When financial services mogul and former New York City Mayor Michael Bloomberg
announced a $50 million gift to the Boston Museum of Science
, honors biology major Kierra Walsh ’19 was invited to share the podium — at Bloomberg’s request.
“They said my story resonated with him and he had a very similar story. When he was growing up, he was going to the museum all the time on weekends and also going with his family,” Walsh says.
Bloomberg, who grew up in Medford, went to Saturday science classes at the museum starting when he was 10. He says the museum’s hands-on educational activities changed his life, showing him wider possibilities. His $50 million gift — the largest in the museum’s history — will support educational programs and honor his parents, William and Charlotte Bloomberg.
Walsh started going to the museum with her parents as a baby. As a toddler, she loved dressing up as a bee and playing in the hive in the Discovery Center. As a child, she sought out the volunteers in red lab coats, who answered her questions and helped her with experiments at the water table. Her whole family entered the Design Challenges on weekends.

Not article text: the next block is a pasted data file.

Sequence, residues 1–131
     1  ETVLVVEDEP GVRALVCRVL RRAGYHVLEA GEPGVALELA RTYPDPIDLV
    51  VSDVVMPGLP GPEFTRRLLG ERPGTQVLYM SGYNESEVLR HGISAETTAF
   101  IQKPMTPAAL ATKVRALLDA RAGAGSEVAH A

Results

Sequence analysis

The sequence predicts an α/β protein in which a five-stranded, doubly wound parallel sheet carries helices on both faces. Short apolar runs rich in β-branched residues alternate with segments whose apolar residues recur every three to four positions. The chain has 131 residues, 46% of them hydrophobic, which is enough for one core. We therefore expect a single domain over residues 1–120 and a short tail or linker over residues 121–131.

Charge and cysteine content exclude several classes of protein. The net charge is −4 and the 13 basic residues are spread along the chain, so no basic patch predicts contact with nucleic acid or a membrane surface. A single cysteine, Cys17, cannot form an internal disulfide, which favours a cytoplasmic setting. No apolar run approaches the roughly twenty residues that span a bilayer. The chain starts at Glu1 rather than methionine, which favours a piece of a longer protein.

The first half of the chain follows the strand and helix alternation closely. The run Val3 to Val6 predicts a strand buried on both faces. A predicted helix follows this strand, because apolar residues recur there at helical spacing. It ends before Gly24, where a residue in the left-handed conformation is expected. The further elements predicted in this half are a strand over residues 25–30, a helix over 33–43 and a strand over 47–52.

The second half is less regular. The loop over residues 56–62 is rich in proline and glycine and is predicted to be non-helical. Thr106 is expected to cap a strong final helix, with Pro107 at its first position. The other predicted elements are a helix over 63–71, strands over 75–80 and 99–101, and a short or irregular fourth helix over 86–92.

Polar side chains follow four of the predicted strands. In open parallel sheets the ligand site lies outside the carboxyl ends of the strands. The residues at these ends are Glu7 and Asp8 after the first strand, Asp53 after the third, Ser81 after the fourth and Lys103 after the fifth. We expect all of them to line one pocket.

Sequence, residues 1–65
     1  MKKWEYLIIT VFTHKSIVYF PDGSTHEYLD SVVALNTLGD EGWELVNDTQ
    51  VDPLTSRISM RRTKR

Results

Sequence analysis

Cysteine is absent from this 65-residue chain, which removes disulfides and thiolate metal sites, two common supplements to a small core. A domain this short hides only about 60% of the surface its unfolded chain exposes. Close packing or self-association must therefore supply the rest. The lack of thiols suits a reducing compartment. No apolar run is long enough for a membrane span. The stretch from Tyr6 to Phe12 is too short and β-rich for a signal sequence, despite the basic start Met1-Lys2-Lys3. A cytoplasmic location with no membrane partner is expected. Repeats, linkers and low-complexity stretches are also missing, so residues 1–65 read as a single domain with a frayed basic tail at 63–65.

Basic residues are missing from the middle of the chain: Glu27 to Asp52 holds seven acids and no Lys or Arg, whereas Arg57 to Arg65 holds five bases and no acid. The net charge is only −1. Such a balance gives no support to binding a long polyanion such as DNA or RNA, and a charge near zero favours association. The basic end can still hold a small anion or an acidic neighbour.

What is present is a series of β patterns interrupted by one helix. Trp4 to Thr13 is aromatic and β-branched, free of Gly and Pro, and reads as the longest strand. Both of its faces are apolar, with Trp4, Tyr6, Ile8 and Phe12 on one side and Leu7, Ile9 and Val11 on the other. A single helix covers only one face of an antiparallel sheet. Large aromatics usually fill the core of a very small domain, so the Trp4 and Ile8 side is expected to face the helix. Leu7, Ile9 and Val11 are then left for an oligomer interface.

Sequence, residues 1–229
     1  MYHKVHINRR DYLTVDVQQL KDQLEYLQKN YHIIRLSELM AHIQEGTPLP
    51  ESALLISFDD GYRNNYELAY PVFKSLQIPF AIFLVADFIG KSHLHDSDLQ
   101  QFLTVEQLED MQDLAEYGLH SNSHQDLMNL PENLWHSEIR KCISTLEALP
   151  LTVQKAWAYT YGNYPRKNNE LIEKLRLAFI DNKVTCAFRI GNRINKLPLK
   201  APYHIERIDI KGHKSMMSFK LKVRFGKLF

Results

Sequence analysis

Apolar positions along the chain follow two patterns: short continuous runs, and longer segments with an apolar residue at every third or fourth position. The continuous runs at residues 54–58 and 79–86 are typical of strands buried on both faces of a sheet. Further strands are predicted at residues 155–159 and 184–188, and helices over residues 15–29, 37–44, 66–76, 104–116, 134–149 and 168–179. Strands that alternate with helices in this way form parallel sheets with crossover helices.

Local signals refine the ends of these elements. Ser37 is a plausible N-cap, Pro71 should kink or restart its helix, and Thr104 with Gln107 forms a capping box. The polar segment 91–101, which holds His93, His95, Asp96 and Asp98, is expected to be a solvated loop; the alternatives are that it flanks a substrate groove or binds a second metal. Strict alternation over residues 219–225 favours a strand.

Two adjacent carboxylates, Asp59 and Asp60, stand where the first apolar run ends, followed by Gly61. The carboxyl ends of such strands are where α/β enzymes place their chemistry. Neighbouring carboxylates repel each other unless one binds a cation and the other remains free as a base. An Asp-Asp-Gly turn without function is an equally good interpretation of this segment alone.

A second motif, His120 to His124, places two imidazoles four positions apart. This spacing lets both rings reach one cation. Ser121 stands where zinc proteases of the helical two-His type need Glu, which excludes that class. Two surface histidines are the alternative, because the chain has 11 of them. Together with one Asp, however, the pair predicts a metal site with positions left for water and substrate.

In high school, Walsh wore the red lab coat herself, twice earning the President's Volunteer Service Award
. And she started a small zoo, the Live Animal Learning Lab, at Billerica Memorial High School, modeled on the museum’s Live Animal Center. Her high school now offers a zoology course — and Walsh is on her way to becoming a veterinarian.
She thanked Bloomberg for his generous gift to the museum in her speech last week.
“Your gift ensures millions more children will have the same eye-opening experiences I had,” she told him.
Afterward, she got to chat with Bloomberg and make a Snapchat story with him.
“He was so sweet. He made so much time to talk to me,” she says. “It was really cool hearing him talk about his parents and how they impacted him. He said his parents would be so proud to see what he’s doing now, but they also would have said, ‘Don’t let it go to your head,’ and that’s also something I could hear my parents saying.”
Walsh has plenty to boast about if she were given to bragging. She came to UMass Lowell because she received three scholarships that cover most of her expenses. She entered as a sophomore, thanks to the nine AP classes and exams she took in high school.
“I liked the community feel to it, the fact that it was a smaller group within the overall larger university,” she says.
She says she loves the university and her classes, which include genetics, chemistry and an honors biology seminar.
“All of the professors are so willing to talk to you about their research or to give you advice,” she says.
“There’s a lot more connection between the students, too, and a lot more school spirit. Everyone’s always studying together. Something I noticed at a lot of the private schools I toured was that there was more of a competitive streak, as compared to people trying to collaborate, which you see here.”